Now, in order to deal with words rightly, this is the habit you must form. Nearly every word in your language has been first a word of some other language - of Saxon, German, French, Latin, or Greek; (not to speak of eastern and primitive dialects). And many words have been all these - that is to say, have been Greek first, Latin next, French or German next, and English last: undergoing a certain change of sense and use on the lips of each nation; but retaining a deep vital meaning, which all good scholars feel in employing them, even at this day. If you do not know the Greek alphabet, learn it; young or old - girl or boy - whoever you may be, if you think of reading seriously (which, of course, implies that you have some leisure at command), learn your Greek alphabet; then get good dictionaries of all these languages, and whenever you are in doubt about a word, hunt it down patiently. Read Max Muller's lectures thoroughly, to begin with; and, after that, never let a word escape you that looks suspicious. It is severe work; but you will find it, even at first, interesting, and at last endlessly amusing. And the general gain to your character, in power and precision, will be quite incalculable.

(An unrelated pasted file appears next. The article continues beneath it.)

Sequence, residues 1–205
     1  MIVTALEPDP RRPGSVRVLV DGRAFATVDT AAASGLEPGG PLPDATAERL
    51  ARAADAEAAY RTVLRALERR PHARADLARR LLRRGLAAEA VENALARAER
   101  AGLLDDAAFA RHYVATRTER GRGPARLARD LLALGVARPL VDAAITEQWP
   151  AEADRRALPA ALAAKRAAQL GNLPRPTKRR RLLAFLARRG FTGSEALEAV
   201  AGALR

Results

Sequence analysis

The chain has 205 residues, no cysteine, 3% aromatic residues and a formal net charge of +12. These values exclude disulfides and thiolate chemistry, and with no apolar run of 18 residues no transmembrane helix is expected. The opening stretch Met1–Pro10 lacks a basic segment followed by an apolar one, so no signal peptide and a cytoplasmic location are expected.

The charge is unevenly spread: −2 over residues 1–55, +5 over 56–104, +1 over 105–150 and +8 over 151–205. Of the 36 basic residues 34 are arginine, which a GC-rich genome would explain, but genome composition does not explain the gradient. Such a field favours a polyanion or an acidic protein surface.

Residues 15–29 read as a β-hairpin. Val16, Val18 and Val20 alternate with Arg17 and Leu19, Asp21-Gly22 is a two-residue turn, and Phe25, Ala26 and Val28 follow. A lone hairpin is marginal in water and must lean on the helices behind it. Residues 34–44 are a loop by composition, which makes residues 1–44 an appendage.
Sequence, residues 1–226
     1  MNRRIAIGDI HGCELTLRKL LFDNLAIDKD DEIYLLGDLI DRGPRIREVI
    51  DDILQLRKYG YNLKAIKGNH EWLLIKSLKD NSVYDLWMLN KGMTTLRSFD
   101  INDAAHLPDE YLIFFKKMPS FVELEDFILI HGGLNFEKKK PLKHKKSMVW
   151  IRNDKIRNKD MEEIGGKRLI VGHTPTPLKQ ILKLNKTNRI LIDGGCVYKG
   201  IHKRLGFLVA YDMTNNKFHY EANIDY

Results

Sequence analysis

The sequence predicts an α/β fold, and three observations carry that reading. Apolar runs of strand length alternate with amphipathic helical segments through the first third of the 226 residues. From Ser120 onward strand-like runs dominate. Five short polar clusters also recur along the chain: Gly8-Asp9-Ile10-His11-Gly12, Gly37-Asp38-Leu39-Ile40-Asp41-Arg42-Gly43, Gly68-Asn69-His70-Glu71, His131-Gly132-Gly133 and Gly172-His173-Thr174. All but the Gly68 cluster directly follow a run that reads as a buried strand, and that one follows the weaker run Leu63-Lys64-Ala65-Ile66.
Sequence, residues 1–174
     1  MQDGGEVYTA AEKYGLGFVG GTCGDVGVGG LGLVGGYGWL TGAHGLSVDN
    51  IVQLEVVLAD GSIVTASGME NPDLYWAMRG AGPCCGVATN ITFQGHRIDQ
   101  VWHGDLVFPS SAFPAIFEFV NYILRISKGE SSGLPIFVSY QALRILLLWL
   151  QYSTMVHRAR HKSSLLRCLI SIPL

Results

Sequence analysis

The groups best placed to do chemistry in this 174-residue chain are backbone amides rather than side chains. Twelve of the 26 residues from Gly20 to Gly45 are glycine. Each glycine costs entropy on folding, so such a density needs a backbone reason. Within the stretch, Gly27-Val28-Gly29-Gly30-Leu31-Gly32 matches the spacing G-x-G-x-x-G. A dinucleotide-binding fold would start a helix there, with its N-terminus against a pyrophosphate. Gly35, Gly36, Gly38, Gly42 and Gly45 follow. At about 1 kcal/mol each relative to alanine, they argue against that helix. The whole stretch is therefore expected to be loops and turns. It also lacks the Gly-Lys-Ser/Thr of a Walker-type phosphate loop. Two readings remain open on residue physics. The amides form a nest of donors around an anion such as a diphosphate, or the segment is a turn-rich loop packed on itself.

Mind, this does not imply knowing, or trying to know, Greek or Latin, or French. It takes a whole life to learn any language perfectly. But you can easily ascertain the meanings through which the English word has passed; and those which in a good writer's work it must still bear.
Doesn't that sound like an interesting amusement? Only for those "suspicious" words of course ;-) Happy hunting!